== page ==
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Student project looks at benefits of farming fresh produce to the local community

Posted 23 October 2017

“I think urban residents feel comfortable as long as food supplies in local stores are continuously restocked, unaware of the many potential future problems that agriculture faces in keeping-up with global food demand with limited land resource.”

Recent Harper Adams University BSc Agriculture (top-up) graduate Tom Payton looked at the benefits of farming fresh produce to the local community in inner city areas for his degree research project (DRP).

The 24 year-old from Brierley Hill in the West Midlands focused on the social and environmental benefits to communities which partake in fresh produce projects. To do this he looked at a number of information sources, including case studies of previously run projects, most of which had been run in the United States of America.

Tom said: “I found the schemes benefited a number of areas. Mostly in the areas of: health, urban food security, economy and employment, education, sense of community and environment.

“In multiple studies, participation in fresh produce production in urban areas was found to help combat obesity rates and chronic diseases, such as diabetes, by increasing the availability of healthy alternatives to local residents, while encouraging healthier dietary and lifestyle choices.

“As well as participation having a positive correlation with healthcare and wellness, with the building of community relationships rates of crime lowered, as well as rubbish dumping, delinquency and mental illness.

“A considerable amounts of evidence exists, and is mounting, that school-based urban garden programmes can be very beneficial to younger generations. Possibly one of the most important educational benefits found was that children who participate in these programmes are highly likely to share what they’ve learnt with others, who may not necessarily be involved in one themselves.

“Availability of government support is a big factor in whether a community-run urban food production system has optimal success. A lack of support from governments, at local, regional and country level, can result in a lack of resources being available to the community.”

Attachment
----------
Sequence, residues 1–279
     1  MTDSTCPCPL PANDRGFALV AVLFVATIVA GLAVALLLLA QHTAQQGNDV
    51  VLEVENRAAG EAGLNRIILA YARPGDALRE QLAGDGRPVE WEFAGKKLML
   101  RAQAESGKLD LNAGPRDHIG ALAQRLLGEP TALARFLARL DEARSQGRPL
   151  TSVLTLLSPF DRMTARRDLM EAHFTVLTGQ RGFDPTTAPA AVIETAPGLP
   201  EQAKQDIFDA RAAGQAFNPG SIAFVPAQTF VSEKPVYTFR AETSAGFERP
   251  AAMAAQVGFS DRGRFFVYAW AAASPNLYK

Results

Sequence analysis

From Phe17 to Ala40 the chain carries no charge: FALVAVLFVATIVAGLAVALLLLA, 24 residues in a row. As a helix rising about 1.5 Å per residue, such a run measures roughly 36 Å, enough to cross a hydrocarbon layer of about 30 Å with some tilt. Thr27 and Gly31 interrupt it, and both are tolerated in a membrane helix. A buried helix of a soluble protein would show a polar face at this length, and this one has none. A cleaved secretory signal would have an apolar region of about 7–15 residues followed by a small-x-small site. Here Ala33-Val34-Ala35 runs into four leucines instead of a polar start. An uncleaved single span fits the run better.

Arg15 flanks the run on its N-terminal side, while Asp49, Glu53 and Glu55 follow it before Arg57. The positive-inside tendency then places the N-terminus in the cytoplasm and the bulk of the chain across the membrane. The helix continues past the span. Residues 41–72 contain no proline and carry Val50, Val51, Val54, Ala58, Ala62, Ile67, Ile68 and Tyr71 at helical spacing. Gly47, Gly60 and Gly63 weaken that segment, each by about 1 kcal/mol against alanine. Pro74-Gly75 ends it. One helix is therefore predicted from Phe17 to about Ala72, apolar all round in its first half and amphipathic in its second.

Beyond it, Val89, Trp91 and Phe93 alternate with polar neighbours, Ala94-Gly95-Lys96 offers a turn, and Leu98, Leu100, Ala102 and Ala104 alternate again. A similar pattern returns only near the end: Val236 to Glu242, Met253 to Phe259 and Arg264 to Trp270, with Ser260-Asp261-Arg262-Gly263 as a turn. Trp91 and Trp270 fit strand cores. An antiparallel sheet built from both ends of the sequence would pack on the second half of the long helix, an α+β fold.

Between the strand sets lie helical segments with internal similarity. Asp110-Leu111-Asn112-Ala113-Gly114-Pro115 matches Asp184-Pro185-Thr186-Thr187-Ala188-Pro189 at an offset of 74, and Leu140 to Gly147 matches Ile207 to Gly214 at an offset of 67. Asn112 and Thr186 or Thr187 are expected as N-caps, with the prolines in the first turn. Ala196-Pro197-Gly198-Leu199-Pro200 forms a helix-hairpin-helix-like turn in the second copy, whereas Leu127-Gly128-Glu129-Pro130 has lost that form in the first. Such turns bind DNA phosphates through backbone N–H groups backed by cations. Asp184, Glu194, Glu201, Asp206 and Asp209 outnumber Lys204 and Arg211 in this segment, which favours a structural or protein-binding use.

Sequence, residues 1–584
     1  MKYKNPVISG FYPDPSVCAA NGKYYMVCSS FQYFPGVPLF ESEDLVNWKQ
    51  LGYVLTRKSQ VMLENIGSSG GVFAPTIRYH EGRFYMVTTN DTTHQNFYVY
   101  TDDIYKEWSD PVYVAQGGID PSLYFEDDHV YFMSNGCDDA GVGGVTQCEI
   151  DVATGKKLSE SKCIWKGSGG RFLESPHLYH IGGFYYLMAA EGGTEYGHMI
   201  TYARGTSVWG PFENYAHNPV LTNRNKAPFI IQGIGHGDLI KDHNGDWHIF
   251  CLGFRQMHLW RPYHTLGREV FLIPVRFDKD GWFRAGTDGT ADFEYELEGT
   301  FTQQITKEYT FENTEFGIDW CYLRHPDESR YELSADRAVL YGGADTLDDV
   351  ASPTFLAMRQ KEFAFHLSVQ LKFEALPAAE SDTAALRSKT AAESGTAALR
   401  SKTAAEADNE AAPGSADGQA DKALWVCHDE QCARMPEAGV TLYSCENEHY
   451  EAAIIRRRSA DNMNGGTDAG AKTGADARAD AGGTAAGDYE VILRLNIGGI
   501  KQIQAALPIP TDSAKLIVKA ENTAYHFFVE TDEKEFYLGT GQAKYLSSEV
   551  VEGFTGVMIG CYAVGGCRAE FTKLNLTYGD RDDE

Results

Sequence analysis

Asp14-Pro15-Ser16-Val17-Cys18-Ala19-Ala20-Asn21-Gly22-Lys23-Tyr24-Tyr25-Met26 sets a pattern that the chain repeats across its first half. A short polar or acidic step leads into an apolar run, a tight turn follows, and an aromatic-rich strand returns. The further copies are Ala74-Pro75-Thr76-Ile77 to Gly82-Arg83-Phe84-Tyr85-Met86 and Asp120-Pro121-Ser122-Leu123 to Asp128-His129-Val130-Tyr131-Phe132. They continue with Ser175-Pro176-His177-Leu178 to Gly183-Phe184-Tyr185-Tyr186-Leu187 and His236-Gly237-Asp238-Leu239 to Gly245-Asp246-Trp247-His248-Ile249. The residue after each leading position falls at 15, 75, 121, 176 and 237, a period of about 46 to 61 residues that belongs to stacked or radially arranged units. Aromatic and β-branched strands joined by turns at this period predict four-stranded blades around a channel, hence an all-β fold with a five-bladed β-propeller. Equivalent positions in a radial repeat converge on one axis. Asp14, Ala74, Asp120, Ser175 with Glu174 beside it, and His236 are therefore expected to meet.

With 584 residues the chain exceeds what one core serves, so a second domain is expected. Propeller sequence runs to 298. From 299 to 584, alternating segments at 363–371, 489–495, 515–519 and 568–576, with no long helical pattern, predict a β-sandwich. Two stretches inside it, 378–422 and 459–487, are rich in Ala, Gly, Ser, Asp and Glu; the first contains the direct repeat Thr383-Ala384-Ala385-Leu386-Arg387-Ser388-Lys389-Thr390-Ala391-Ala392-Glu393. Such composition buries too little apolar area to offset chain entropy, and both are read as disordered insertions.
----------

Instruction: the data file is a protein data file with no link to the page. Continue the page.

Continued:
Tom’s initial interest for looking into urban agriculture comes from being from a non-farming background. He added: “I never had any practical or theoretical agricultural knowledge or experience before the age of 17. I was unsure what to do after sixth form and so decided to study a Level 3 Agriculture Diploma, and gained some experience on a local farm before starting. Both working on the farm and studying the subject of agriculture made me realise how little I knew and been taught about where food comes from and how it is produced.

“I think urban residents feel comfortable as long as food supplies in local stores are continuously restocked, unaware of the many potential future problems that agriculture faces in keeping-up with global food demand with limited land resource.”

While researching his project, and reading the information about the schemes being run in the USA, Tom realised that this was an area he was interested in looking into further. He said: “While researching my project, I spent a lot of time looking at companies in the USA that either run an urban agricultural food system or grow crops with the specific aim of supplying sustainable, top-quality produce to local residents. I’d not known what to do after university for a while, but after reading some of their information on what they are attempting to achieve I started to believe that this was something I could really get into and enjoy.”

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